Occasionally, I like to try a new studio just to see what else is out there. My favorite studio where I don’t have a pass is Focus Barre and Yoga. It was there that I did my first crow pose (when the teacher told me to lean forward until I think “shit, I’m going to fall in my head.”) It was there where I held king dancer for the full count and balanced from eagle pose to airplane to standing split. I guess something about going outside your typical studio and leaving your comfort zone gives you even more power to try new things.
That confidence has given me the courage to try new workouts that I would never had tried without this new confidence. I figured there wasn’t much that could embarrass me much after my first yoga class. I saw the progress that I could make just by going, just being present, and doing the best I could each week.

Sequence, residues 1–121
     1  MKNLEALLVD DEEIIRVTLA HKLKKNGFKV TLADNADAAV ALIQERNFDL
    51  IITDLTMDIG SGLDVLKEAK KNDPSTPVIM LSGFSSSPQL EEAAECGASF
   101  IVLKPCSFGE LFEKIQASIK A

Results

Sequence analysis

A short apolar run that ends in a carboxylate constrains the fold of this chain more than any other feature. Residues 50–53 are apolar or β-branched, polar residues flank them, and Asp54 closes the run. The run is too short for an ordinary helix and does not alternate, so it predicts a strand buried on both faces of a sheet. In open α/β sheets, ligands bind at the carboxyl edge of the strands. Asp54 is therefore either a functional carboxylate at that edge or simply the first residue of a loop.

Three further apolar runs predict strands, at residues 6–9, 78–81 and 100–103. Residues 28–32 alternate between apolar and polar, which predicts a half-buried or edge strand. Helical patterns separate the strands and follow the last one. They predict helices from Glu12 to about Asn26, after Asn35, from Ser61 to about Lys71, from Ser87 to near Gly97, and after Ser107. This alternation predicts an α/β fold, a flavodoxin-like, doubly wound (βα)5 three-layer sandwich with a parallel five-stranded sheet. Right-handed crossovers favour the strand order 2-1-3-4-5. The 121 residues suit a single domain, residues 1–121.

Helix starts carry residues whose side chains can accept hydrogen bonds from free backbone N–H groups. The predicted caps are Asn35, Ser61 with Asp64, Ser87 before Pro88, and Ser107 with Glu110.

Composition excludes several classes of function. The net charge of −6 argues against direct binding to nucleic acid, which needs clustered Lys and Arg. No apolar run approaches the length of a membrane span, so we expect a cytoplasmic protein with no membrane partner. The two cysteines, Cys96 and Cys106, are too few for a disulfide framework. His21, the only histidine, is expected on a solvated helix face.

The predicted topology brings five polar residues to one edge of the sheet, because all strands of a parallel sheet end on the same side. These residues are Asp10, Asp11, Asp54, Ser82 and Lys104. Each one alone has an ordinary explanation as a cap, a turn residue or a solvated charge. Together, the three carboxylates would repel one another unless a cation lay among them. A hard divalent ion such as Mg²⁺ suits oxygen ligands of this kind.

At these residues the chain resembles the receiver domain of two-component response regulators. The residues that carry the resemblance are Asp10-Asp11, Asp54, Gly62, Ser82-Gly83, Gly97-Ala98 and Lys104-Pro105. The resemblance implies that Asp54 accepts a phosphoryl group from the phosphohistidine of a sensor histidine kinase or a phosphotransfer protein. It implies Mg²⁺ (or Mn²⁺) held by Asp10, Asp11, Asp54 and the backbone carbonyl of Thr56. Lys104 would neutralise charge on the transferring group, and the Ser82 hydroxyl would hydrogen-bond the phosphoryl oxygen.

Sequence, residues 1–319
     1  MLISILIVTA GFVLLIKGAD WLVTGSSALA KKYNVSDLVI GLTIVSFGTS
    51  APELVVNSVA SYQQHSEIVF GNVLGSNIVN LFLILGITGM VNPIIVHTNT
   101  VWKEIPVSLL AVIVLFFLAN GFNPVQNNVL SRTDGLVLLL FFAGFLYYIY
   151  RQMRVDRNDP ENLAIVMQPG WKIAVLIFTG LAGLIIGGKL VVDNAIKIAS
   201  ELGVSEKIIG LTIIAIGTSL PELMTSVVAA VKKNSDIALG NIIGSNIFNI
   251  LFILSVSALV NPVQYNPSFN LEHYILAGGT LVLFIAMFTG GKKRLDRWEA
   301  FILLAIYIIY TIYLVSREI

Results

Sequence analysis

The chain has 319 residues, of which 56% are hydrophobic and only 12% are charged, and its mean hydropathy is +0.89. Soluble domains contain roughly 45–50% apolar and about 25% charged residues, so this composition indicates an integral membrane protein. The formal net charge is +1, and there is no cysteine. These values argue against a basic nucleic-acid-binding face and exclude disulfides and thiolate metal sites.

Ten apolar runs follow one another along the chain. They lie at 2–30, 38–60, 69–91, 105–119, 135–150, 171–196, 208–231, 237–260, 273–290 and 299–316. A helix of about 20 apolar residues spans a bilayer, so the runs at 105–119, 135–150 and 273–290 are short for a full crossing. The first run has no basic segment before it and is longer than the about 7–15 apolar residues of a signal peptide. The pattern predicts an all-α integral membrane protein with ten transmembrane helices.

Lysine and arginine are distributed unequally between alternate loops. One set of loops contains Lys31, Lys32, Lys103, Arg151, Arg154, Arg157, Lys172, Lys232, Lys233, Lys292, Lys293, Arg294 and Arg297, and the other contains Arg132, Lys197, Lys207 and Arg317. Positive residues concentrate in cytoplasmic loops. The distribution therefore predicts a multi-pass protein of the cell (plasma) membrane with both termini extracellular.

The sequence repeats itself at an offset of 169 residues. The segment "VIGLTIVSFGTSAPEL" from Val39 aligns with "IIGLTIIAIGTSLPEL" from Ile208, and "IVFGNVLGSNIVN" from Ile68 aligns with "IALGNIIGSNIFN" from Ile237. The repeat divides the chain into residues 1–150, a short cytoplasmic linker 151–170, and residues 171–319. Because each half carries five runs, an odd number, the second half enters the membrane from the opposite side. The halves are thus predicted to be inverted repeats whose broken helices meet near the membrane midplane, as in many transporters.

We are still doing our weekend yoga dates, although, our favorite instructor is not teaching the Saturday morning class anymore. We are still in search of the perfect Philly studio that’s not “too hot” (still Mike’s request). I am still practicing to be completely present on my mat, try as hard as I can each class, and push myself outside of my comfort zone a little more each time.